Pbx roles in developmental programs as cell fate specification have long been considered primarily as those of Hox cofactors (reviewed in Moens and Selleri, 2006). However, it is of note that no known single or compound Hox mutant mouse model displays scapular blade defects. Only Hox5 mutants exhibit rostral blade shifts, with normal blade morphology (Capellini et al., 2010). Similarly, misexpression or loss of Hox genes result at best in mild alterations of the pelvic girdle, including defects in mice misexpressing Hoxd12 in lateral plate derivatives; modest malformations of pelvic bones and sacrum in Hoxc10 mutants; and lack of uterosacral ligaments in Hoxa11 mutant mice (Capellini et al., pages xxx–xxx, this issue). Therefore, it is unlikely that Pbx homeoproteins affect their roles in girdle formation solely as Hox cofactors, suggesting instead cooperation with other proteins, as Emx2, in scapula development. Thus, we cannot yet invoke a mechanism whereby loss of Pbx proteins, as Hox co-factors, leads to the girdle phenotypes of Pbx compound mutants via altered Hox function.
Roles of Pbx in Limb P-D, A-P, and D-V Axis Formation, Outgrowth, and Skeletal Patterning
When compared to single Pbx mutants, compound mutants exhibit significant alterations in most skeletal elements of each limb type (Capellini et al., 2006, 2010). At E13.5, Pbx1−/−;Pbx2+/− limbs display marked exacerbations of the proximal limb phenotype of single Pbx1−/− mutants as well as novel distal limb malformations (Fig. 2). For example, Pbx1−/−;Pbx2+/− forelimbs have severely dysmorphic humeri that are fused to the girdle at the scapulohumeral joint (Capellini et al., 2010). Distally, these mutants exhibit a truncated and dysmorphic radius and ulna and bear substantial reductions in digits one and five (Capellini et al., 2006). On the other hand, Pbx3 functions at this time are limited to the formation of the humerus and scapula, as Pbx1−/−; Pbx3+/− mutant forelimbs are affected only proximally (Fig. 2; (Capellini et al., 2010). Compound Pbx1/Pbx3 double homozygous mutants die during early limb formation, thus limiting a deeper assessment of Pbx3 roles in this process.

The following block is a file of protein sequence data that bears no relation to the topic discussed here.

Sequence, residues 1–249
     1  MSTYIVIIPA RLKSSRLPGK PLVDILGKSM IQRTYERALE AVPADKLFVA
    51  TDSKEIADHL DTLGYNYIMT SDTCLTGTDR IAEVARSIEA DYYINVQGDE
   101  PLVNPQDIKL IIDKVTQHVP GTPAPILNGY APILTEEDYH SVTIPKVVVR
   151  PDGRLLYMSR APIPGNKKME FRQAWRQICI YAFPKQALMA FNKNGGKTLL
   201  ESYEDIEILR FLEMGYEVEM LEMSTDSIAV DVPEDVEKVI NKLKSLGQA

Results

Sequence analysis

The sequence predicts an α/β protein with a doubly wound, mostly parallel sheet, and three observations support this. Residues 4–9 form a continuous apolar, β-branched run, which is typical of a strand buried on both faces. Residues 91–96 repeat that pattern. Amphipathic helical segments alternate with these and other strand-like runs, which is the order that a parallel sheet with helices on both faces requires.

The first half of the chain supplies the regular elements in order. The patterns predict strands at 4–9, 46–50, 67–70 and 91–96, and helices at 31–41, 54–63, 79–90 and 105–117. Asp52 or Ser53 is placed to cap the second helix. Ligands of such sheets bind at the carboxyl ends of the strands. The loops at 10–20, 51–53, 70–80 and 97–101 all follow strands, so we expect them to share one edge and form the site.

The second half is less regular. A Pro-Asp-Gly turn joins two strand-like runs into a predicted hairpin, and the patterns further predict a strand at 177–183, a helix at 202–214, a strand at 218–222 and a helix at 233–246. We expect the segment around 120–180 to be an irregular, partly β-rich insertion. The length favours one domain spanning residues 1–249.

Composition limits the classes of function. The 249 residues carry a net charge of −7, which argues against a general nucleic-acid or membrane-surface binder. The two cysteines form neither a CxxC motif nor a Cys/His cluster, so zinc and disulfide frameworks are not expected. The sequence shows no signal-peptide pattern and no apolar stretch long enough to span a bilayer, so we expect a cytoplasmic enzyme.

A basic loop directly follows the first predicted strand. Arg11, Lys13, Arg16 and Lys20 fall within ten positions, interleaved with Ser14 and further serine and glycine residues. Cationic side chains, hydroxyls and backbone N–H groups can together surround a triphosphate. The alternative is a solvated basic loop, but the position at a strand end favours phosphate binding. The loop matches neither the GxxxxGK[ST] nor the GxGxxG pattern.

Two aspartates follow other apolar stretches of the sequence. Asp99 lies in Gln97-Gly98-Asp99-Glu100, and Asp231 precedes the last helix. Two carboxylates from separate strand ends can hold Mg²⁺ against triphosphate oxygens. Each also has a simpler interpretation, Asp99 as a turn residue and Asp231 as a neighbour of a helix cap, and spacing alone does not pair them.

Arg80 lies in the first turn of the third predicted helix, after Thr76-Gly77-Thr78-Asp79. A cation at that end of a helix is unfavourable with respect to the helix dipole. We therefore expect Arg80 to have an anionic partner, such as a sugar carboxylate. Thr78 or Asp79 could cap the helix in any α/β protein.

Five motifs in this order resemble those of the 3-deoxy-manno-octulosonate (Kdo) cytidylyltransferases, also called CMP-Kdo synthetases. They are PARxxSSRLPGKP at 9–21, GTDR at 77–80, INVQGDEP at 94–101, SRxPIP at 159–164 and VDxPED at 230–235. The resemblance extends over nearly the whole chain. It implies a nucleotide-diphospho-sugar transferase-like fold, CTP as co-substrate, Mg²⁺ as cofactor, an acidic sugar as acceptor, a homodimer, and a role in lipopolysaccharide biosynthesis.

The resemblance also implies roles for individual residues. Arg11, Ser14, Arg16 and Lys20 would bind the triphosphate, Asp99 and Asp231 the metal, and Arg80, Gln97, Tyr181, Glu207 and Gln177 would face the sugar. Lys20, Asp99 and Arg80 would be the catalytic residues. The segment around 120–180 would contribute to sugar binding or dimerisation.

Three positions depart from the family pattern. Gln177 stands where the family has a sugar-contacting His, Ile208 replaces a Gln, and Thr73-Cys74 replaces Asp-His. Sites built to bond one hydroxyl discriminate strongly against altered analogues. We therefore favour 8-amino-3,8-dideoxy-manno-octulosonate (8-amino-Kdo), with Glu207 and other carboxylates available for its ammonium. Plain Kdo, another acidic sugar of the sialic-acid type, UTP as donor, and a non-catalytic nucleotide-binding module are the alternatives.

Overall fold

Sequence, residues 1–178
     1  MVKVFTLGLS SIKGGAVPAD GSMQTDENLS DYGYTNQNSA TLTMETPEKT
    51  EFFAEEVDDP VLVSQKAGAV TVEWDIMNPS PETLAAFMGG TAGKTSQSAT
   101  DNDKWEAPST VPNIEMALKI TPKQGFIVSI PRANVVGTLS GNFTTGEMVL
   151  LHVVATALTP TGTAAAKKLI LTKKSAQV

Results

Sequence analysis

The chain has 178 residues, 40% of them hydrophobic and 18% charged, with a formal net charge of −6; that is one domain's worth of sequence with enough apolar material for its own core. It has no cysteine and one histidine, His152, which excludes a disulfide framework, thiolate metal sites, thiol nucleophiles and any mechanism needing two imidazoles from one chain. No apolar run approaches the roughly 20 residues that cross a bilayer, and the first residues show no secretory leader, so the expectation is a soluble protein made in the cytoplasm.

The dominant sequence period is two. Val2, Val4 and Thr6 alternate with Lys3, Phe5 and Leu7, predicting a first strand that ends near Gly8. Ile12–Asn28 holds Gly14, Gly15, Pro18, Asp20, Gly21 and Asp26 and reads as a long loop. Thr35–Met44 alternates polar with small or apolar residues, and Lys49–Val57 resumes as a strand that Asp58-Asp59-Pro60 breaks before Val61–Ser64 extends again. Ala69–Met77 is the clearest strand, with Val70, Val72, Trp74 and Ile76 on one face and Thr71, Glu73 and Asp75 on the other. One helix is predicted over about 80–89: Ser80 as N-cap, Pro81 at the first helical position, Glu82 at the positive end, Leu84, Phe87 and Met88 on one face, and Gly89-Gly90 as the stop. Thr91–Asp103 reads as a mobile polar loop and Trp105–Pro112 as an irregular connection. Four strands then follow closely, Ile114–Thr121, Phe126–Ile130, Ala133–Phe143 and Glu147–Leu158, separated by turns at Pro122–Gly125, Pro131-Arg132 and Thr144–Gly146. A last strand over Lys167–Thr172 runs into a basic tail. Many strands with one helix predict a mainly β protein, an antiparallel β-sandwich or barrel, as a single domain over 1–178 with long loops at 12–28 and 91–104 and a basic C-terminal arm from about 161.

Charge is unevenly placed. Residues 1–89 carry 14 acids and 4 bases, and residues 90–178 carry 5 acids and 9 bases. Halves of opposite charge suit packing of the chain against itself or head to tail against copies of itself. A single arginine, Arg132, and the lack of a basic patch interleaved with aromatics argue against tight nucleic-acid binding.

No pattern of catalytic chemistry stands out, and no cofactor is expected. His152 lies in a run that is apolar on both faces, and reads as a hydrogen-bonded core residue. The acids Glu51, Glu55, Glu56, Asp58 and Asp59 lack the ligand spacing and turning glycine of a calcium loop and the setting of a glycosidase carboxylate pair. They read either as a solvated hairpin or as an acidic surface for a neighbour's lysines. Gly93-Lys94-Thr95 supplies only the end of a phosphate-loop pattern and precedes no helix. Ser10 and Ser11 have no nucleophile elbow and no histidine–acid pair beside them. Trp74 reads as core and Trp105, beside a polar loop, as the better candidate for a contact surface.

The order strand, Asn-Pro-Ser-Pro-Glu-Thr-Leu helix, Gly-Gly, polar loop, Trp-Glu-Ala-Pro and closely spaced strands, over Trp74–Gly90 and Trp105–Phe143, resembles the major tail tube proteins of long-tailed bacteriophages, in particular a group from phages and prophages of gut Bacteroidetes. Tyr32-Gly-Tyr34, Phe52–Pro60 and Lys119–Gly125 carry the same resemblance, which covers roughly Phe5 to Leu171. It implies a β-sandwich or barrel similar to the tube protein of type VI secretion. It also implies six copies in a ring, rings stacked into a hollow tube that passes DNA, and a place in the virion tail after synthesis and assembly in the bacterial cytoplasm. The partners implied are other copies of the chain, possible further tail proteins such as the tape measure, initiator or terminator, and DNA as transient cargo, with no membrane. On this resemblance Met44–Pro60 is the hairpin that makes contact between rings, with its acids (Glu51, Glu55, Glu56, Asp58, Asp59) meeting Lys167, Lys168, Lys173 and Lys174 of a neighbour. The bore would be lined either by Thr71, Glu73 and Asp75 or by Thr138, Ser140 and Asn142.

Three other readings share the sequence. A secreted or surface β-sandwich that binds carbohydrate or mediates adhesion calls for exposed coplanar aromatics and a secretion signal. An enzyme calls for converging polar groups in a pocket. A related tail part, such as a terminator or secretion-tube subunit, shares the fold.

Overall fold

The severity of appendicular phenotypes due to compound Pbx loss is more apparent in the hindlimb, wherein only Pbx1 and Pbx2 are expressed during limb outgrowth (Phase I and II; Fig. 1). Therefore, in the hindlimb dosage reductions have more substantial effects, since loss of Pbx1 and Pbx2 enables a Pbx-null state. Accordingly, Pbx1−/−;Pbx3+/− hindlimbs do not present phenotypic exacerbations versus single Pbx1 null mutants, and exhibit normal limb skeletons distal to the femur (Capellini et al., pages xxx–xxx, this issue). On the other hand, Pbx1−/−;Pbx2+/− hindlimbs at E13.5 exhibit a markedly truncated femur fused to a residual pelvic rudiment (Fig. 2; Capellini et al., 2006). Distally, there is only one zeugopodial element, a moderately malformed but truncated tibia, and a single autopodial ray consisting of one digit, likely digit number one (Fig. 2). This severe digit reduction is similar to that observed in Sonic hedgehog (Shh) null mutants (Chiang et al., 2001). The absence of distal limb elements and the drastic reduction in digit number, along with the severe proximal limb malformations, reveals that both Pbx1 and Pbx2 are required for patterning skeletal elements within all limb compartments. Despite the documented early gestational lethality of Pbx1−/−;Pbx2−/− homozygous mutants at E10.5, these embryos have forelimb buds that are highly dysmorphic and hindlimb buds that are barely detectable (Capellini et al., 2006).